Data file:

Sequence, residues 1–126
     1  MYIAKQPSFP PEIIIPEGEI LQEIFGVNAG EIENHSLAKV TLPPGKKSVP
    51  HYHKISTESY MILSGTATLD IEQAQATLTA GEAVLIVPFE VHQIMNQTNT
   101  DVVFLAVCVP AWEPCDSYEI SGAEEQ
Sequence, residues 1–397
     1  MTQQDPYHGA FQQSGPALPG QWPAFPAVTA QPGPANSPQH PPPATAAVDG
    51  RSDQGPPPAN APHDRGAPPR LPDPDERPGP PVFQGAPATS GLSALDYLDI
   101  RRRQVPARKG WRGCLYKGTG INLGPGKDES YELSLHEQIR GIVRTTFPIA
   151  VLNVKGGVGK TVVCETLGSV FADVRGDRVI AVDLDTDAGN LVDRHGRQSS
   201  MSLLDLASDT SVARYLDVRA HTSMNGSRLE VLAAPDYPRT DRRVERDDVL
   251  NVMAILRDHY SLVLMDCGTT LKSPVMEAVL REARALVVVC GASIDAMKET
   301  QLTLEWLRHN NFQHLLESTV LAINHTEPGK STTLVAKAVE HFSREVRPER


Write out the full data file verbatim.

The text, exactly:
Sequence, residues 1–126
     1  MYIAKQPSFP PEIIIPEGEI LQEIFGVNAG EIENHSLAKV TLPPGKKSVP
    51  HYHKISTESY MILSGTATLD IEQAQATLTA GEAVLIVPFE VHQIMNQTNT
   101  DVVFLAVCVP AWEPCDSYEI SGAEEQ
Sequence, residues 1–397
     1  MTQQDPYHGA FQQSGPALPG QWPAFPAVTA QPGPANSPQH PPPATAAVDG
    51  RSDQGPPPAN APHDRGAPPR LPDPDERPGP PVFQGAPATS GLSALDYLDI
   101  RRRQVPARKG WRGCLYKGTG INLGPGKDES YELSLHEQIR GIVRTTFPIA
   151  VLNVKGGVGK TVVCETLGSV FADVRGDRVI AVDLDTDAGN LVDRHGRQSS
   201  MSLLDLASDT SVARYLDVRA HTSMNGSRLE VLAAPDYPRT DRRVERDDVL
   251  NVMAILRDHY SLVLMDCGTT LKSPVMEAVL REARALVVVC GASIDAMKET
   301  QLTLEWLRHN NFQHLLESTV LAINHTEPGK STTLVAKAVE HFSREVRPER